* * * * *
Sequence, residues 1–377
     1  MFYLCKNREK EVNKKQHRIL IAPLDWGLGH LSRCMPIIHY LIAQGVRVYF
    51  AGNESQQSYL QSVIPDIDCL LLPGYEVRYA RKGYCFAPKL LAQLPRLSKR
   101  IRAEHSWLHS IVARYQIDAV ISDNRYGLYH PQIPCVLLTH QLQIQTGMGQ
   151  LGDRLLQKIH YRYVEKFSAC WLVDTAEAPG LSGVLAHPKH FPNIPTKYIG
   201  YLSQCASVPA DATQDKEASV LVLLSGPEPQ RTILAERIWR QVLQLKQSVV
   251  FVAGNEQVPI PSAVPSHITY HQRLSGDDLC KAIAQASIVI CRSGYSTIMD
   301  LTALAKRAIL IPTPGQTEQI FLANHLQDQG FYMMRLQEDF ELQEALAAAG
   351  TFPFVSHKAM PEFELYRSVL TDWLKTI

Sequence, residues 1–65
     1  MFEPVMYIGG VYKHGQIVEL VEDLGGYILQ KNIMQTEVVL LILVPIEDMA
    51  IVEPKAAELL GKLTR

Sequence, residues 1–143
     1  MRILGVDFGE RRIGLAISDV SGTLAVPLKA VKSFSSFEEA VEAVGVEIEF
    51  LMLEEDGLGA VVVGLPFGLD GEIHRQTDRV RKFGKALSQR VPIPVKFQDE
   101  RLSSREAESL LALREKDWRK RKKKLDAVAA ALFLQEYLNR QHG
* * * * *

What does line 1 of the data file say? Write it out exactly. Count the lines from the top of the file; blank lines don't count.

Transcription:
Sequence, residues 1–377